Viet Nam News
HÀ NỘI — Religious festivals are sometimes marred by improper manners such as attendees throwing money to god’s palanquin during the parade and fighting for offerings on the altars, according to Trịnh Thị Thủy, deputy minister of Culture, Sports and Tourism.
The Ministry hosted a conference to review the shortcomings of festivals in the previous year and to make plans for cultural festivals and activities held this year, especially during the New Year celebration.
The conference was joined by representatives from a number of festivals’ organising boards and departments of culture nationwide.
Beside the fine cultural values of the festivals, Thủy pointed out that there are many bad behaviours and manners displayed by participants and organisers.
The Ministry mobilised local people and authorities to change aspects of festivals that are harmful to the environment, causing disorder and encouraging violence.
Buffalo-fighting festivals were banned in Lào Cai, Yên Bái, Nghệ An and Quảng Nam provinces because they involved violence that may have a bad influence on the community, especially children. People no longer slaughter the pig at the Ném Thượng Village Festival in the northern province of Bắc Ninh.
“I acknowledge that the festival organisers tried to eliminate beggardom, overcharging for services and violent activities in festivals,” she said.
“However, the effort hasn’t brought good results at all festivals.”
She said there are several traditional festivals with violent and chaotic aspects such as at the Sóc Temple and Hương (Perfume) Pagoda festival in Hà Nội where people tried to vie hard with each other for offerings even when they are displayed on the altars.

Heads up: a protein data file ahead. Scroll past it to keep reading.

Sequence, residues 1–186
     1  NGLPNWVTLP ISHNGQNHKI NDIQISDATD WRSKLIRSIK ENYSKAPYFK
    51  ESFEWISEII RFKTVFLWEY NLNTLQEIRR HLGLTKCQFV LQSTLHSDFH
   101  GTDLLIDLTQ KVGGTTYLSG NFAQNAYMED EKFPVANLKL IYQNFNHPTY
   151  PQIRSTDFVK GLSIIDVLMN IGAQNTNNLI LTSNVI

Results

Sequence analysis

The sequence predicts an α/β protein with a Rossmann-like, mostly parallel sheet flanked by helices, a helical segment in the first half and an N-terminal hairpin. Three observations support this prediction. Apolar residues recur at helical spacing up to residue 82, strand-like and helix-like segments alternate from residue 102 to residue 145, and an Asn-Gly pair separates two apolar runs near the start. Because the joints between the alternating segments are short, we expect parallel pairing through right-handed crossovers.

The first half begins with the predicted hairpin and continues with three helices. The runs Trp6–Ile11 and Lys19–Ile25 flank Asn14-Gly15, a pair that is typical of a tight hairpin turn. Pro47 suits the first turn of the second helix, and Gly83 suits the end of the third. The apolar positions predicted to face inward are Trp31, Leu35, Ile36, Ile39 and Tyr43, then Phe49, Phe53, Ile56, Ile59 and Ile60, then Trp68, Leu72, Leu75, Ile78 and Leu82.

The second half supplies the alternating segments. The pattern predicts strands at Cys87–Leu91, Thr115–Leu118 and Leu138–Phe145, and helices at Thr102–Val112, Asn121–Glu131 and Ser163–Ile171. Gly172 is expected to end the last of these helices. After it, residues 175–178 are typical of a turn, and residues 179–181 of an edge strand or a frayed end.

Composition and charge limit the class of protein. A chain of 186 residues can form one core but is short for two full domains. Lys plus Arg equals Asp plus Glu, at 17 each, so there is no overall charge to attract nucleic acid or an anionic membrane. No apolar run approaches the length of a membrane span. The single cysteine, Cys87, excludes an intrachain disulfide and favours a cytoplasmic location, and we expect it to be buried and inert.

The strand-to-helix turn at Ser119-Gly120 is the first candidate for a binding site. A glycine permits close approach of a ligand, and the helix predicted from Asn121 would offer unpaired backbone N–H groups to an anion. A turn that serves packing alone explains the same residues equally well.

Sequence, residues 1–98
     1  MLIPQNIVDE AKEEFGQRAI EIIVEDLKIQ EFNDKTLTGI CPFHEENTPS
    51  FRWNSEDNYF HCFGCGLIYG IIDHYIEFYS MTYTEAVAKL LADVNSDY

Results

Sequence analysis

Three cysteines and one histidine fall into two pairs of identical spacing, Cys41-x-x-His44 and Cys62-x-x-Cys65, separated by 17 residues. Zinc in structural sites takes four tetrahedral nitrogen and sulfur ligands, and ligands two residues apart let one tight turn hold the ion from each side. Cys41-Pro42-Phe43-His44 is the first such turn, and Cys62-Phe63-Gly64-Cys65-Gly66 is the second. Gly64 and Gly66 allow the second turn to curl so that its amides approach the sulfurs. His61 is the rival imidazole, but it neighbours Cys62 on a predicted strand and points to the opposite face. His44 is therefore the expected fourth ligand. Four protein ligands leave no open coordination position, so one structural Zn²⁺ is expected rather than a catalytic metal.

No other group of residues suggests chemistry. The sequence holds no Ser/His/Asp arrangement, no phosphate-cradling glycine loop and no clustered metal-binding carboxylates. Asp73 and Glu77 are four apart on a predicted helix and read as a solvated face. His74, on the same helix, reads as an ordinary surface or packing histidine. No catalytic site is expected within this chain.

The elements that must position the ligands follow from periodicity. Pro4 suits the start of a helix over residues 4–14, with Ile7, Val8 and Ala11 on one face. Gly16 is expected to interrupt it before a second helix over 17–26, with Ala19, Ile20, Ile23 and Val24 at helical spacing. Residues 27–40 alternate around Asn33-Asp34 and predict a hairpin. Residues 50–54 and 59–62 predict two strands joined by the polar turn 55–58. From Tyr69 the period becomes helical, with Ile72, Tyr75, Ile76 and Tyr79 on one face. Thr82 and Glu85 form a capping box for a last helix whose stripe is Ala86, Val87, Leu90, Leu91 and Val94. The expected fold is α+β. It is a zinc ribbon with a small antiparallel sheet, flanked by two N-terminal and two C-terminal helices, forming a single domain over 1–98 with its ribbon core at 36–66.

“Festival organisers and culture managers should not be blamed for the large number of festival goers,” said Thủy.
“We should raise people’s awareness of the holiness of the festivals and rituals. People fight for the offerings as they believe that they will receive good fortune and be blessed by the gods. But when they know the action is improper and shows disrespect to the gods, they will stop doing that.”
Bùi Hoài Sơn, director of the Việt Nam National Institute of Culture and Arts Studies, agreed, “We should be clear about the kind of festival (religious, cultural or historic) and the participants to find the suitable propaganda”.
“In the religious festivals, we should emphasise the role of holy rituals and gods. When people understand, they will not show disrespect and will be aware of practising the festival with deferential and respectful attitude.”
The Hương Pagoda Festival honours Buddhism and many pilgrims and festival goers are vegetarians and Buddhists. Sơn suggested that the organisers should arrange food sellers in separate areas.
“Many people complain that it’s not nice to see local people slaughter animals and cook at the food area of the festival,” said Sơn.
“I agree that the food area meets the demand of the festival participants but the meat sellers should be located in a separate area.”
“Through the festivals, we also promote an image of a beautiful and civilised country and the unique and diversified culture of the ethnic groups,” he said.
Sơn stressed that the festivals are organised to meet spiritual and entertainment demands of the people but still need to preserve cultural values and fine traditions.
Nguyễn Văn Hậu, head of the Hương Pagoda Festival organising board, said he and the staff are ready to organise the festival which starts on February 26.
“We will examine the site, upgrade the toilets and security system and raise local people’s awareness of the need for proper behaviour,” he said.
Last year, the festival received 1.5 million visitors, according to Hậu. — VNS